Project description:DNA double-strand break (DSB) repair by non-homologous end joining (NHEJ) in human cells is initiated by Ku heterodimer binding to a DSB, followed by recruitment of core NHEJ factors including DNA-dependent protein kinase catalytic subunit (DNA-PKcs), XRCC4-like factor (XLF), and XRCC4 (X4)-DNA ligase IV (L4). Ku also interacts with accessory factors such as aprataxin and polynucleotide kinase/phosphatase-like factor (APLF). Yet, how these factors interact to tether, process, and ligate DSB ends while allowing regulation and chromatin interactions remains enigmatic. Here, small angle X-ray scattering (SAXS) and mutational analyses show APLF is largely an intrinsically disordered protein that binds Ku, Ku/DNA-PKcs (DNA-PK), and X4L4 within an extended flexible NHEJ core complex. X4L4 assembles with Ku heterodimers linked to DNA-PKcs via flexible Ku80 C-terminal regions (Ku80CTR) in a complex stabilized through APLF interactions with Ku, DNA-PK, and X4L4. Collective results unveil the solution architecture of the six-protein complex and suggest cooperative assembly of an extended flexible NHEJ core complex that supports APLF accessibility while possibly providing flexible attachment of the core complex to chromatin. The resulting dynamic tethering furthermore, provides geometric access of L4 catalytic domains to the DNA ends during ligation and of DNA-PKcs for targeted phosphorylation of other NHEJ proteins as well as trans-phosphorylation of DNA-PKcs on the opposing DSB without disrupting the core ligation complex. Overall the results shed light on evolutionary conservation of Ku, X4, and L4 activities, while explaining the observation that Ku80CTR and DNA-PKcs only occur in a subset of higher eukaryotes.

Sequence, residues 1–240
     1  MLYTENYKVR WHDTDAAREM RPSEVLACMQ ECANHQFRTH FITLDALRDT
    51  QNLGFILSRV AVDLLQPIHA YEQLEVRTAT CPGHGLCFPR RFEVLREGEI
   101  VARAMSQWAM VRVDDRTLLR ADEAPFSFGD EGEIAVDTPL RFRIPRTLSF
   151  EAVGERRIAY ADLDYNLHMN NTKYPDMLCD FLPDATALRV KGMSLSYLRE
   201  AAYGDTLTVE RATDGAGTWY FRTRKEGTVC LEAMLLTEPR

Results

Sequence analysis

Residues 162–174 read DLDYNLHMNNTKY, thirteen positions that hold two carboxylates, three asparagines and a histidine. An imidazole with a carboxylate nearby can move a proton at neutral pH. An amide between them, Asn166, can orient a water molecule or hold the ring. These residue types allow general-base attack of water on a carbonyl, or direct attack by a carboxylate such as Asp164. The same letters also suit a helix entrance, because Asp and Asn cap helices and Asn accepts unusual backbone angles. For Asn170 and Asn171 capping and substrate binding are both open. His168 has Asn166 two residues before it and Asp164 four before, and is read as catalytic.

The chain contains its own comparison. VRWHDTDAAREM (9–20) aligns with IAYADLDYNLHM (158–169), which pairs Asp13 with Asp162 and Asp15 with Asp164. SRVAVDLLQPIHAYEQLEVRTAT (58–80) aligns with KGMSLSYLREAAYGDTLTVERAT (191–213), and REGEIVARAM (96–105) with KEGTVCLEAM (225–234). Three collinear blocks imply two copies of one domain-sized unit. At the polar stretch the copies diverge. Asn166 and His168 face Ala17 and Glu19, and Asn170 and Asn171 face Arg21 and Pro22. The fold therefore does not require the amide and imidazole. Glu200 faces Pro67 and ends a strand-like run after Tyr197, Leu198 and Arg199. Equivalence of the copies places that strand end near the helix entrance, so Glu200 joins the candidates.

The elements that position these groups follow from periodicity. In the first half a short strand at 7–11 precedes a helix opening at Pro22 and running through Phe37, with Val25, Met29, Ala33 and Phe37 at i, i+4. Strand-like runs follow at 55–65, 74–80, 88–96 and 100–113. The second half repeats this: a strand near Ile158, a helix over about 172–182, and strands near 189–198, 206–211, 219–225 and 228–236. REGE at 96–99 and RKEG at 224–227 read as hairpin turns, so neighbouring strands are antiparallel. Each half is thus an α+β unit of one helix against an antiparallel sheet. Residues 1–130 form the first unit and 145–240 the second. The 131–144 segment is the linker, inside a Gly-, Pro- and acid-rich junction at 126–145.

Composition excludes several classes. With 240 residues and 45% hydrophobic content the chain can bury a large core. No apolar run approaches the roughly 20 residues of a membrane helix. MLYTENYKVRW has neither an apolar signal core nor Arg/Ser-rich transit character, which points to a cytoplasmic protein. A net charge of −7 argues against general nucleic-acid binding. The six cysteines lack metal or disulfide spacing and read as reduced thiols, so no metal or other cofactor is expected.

Project description:Repairing DNA double-strand breaks (DSBs) by nonhomologous end joining (NHEJ) requires multiple proteins to recognize and bind DNA ends, process them for compatibility, and ligate them together. We constructed novel DNA substrates for single-molecule nanomanipulation, allowing us to mechanically detect, probe, and rupture in real-time DSB synapsis by specific human NHEJ components. DNA-PKcs and Ku allow DNA end synapsis on the 100?ms timescale, and the addition of PAXX extends this lifetime to ~2?s. Further addition of XRCC4, XLF and ligase IV results in minute-scale synapsis and leads to robust repair of both strands of the nanomanipulated DNA. The energetic contribution of the different components to synaptic stability is typically on the scale of a few kilocalories per mole. Our results define assembly rules for NHEJ machinery and unveil the importance of weak interactions, rapidly ruptured even at sub-picoNewton forces, in regulating this multicomponent chemomechanical system for genome integrity.
Project description:Non-homologous end-joining (NHEJ), the major repair pathway for DNA double-strand breaks (DSB) in mammalian cells, employs a repertoire of core proteins, the recruitment of which to DSB-ends is Ku-dependent. Lack of either of the core components invariably leads to a repair deficiency. There has been evidence that an alternative end-joining operates in the absence of the core components. We used chromosomal reporter substrates to specifically monitor NHEJ of single I-SceI-induced-DSB for detailed comparison of classical and alternative end-joining. We show that rapid repair of both compatible and non-compatible ends require Ku-protein. In the absence of Ku, cells use a slow but efficient repair mode which experiences increasing sequence-loss with time after DSB induction. Chemical inhibition and PARP1-depletion demonstrated that the alternative end-joining in vivo is completely dependent upon functional PARP1. Furthermore, we show that the requirement for PARP1 depends on the absence of Ku but not on DNA-dependent protein kinase (DNA-PKcs). Extensive sequencing of repair junctions revealed that the alternative rejoining does not require long microhomologies. Together, we show that mammalian cells need Ku for rapid and conservative NHEJ. PARP1-dependent alternative route may partially rescue the deficient repair phenotype presumably at the expense of an enhanced mutation rate.